Okay, I know that seems odd, but there is a reason I’m in love with the fact that I have a pretty nasty cold. In the past couple of years, when I would get a virus, I would get a flare. The flare would inevitably be worse than the virus. Prior to IVIG, I had a headache, and I just shrugged it off. Behcet’s and headaches are just hand in hand for me. Then after IVIG I had what I classify as an IVIG headache. I felt just, well, sh*tty for a couple of days. That is normal, from what I’ve read. Even if the rheumatologist’s temporary coverage felt as though I should have made some miraculous turn around, I knew from what I’ve read, and what I’ve heard first hand from other patients, that it would take some time.

Then I realized I had a cold.

I was sleeping a lot, had a little fever, and attributed it all to the IVIG. Except, the sleeping eased up, as did the headache, and my nose was bleeding and stuffy. I blamed the weather. I had a migraine, which happens to me when the weather shifts. I blamed a lot of stuff because I didn’t want to believe the IVIG wasn’t working. This morning, it dawned on me. I have a cold. I have a gross cold, and my gastroparesis is acting up because my appetite came back, and I overate.

Folks, my appetite came back. 

I haven’t been hungry in months, and suddenly having that drive to eat again was so bizarre. I will always have gastroparesis, my celiac artery is blocked, and it can’t be opened. I also have a history of GI issues that just bogs the system down…but my intestines are moving again which is the main reason (I feel) that I wasn’t hungry. For me the delayed stomach emptying causes gastritis, acid reflux, and bloating/pain. The lower GI ulcers kill my appetite, cause pain and bleeding, and just generally make me miserable. That seems to be tied in more closely with the Behcet’s.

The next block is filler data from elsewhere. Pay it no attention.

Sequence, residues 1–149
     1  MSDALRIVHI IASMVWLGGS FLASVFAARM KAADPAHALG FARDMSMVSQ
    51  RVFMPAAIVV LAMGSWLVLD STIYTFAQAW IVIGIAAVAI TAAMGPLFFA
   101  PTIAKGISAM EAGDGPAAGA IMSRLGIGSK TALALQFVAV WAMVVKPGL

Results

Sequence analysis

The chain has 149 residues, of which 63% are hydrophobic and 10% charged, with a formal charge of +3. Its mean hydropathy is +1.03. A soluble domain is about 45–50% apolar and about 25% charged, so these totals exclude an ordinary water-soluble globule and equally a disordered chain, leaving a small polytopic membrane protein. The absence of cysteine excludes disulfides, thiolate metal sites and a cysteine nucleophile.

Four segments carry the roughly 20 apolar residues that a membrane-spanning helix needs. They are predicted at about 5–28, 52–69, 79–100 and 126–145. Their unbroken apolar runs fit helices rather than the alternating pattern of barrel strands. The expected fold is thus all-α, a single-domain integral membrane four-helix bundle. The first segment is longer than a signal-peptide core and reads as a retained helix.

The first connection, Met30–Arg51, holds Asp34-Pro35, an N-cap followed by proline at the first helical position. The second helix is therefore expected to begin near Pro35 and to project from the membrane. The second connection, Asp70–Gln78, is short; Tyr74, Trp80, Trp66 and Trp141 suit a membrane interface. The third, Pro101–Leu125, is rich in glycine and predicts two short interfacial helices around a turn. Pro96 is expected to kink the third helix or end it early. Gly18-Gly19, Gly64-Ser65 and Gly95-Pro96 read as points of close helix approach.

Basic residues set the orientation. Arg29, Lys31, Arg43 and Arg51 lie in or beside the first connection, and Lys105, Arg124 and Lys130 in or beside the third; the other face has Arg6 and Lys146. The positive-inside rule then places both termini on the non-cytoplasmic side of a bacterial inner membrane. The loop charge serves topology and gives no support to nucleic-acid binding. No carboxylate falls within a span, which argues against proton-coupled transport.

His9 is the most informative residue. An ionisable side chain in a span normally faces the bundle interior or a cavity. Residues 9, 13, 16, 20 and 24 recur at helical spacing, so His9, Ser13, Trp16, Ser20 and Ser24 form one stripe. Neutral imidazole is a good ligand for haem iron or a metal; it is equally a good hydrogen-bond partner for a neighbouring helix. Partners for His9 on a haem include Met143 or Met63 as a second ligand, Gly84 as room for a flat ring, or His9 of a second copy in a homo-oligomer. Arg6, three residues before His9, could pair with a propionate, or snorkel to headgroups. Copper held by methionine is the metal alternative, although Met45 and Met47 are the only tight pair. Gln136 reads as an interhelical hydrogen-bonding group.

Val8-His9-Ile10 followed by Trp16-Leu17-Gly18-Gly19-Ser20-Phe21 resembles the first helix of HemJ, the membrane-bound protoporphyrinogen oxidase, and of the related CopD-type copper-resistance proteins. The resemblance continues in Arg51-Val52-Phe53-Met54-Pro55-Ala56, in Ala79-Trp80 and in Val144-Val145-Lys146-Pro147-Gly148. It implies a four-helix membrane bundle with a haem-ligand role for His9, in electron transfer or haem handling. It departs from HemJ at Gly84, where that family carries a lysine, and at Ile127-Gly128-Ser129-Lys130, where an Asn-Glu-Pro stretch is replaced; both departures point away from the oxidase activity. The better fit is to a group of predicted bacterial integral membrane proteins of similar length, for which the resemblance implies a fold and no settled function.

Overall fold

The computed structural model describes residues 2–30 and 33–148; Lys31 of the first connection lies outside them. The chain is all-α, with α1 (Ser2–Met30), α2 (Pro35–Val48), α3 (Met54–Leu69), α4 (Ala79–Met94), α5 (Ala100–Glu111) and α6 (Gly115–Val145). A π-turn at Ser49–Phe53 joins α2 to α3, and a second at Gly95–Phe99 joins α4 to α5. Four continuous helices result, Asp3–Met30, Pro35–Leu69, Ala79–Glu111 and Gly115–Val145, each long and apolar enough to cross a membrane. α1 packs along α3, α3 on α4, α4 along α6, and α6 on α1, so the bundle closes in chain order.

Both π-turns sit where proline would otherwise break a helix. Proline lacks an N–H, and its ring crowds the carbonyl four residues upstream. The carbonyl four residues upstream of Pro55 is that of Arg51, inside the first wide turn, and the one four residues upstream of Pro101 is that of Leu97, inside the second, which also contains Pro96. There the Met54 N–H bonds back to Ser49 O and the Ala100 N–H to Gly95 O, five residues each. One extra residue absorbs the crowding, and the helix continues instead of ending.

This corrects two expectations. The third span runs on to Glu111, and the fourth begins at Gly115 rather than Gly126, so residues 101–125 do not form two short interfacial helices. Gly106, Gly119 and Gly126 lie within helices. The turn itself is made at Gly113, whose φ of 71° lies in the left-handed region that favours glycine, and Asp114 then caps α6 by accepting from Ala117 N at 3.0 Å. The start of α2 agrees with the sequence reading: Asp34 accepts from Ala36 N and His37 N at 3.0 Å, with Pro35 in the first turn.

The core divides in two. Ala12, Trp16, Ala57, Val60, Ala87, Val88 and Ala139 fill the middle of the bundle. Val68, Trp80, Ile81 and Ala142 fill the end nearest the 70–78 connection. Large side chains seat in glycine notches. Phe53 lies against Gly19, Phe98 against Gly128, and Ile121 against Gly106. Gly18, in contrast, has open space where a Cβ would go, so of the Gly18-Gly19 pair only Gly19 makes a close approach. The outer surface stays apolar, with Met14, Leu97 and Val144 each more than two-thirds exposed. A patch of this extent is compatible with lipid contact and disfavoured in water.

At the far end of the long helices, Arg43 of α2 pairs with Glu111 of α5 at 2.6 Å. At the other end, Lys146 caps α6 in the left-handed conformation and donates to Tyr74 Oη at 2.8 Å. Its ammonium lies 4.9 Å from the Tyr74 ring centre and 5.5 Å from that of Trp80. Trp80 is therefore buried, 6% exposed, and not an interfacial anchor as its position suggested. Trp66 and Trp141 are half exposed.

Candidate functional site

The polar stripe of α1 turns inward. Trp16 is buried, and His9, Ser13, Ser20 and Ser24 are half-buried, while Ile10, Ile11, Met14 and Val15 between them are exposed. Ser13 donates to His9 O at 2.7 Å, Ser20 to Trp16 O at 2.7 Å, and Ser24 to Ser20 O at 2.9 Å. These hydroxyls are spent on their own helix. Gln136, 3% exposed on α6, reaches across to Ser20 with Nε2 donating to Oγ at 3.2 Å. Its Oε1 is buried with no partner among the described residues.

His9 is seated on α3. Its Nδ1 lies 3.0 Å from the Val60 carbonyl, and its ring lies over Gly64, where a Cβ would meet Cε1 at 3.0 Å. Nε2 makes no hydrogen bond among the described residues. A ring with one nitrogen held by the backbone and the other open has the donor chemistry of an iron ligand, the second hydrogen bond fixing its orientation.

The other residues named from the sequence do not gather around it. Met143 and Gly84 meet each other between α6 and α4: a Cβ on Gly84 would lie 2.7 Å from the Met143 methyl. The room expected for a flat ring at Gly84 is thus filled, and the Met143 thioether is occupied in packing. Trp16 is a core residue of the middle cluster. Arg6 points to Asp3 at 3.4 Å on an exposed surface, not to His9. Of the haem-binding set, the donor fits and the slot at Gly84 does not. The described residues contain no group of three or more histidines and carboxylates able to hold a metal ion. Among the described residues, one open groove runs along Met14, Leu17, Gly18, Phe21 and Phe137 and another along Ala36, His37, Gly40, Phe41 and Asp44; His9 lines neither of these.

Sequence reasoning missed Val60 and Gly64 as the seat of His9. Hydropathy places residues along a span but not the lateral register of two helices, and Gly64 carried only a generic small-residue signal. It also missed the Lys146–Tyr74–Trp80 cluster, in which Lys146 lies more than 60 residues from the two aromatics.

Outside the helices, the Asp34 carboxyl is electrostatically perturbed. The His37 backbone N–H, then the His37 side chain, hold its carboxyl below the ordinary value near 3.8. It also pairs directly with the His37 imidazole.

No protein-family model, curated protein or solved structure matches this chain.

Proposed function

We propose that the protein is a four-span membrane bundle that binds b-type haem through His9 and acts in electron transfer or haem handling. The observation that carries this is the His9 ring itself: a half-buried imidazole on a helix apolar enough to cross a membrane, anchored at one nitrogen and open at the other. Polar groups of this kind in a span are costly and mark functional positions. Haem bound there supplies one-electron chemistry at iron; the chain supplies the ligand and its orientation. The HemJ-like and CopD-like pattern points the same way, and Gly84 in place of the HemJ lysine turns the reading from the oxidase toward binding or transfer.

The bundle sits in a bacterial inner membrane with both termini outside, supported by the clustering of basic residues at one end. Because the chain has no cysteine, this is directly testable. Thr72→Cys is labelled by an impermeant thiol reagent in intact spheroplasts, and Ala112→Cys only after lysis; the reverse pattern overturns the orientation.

Beware: I’m about to discuss poop.

I have been pooping. Not as often as “normal” folks, but I am pooping. Prior to IVIG I was going 10-14 days between bowel movements, and those movements were pathetic. Nausea, pain, blacking out, just total brutality, for the smallest bowel movement. Doctors often accused me of “pushing too hard,” but I never pushed. Why push when there isn’t anything causing any urge to push? Lately I’ve been panicking when the urge to go hits me. It sort of comes out of nowhere, and is like, “YOU HAVE TO GO NOW!” Of course, it isn’t that dire. (Except when I ate a gummy edible containing gluten. I got horrendously sick, pooped my pants, and couldn’t figure out why. Later it dawned on me that gummy candy often contains gluten, so I checked, and yup, the edible was the culprit.)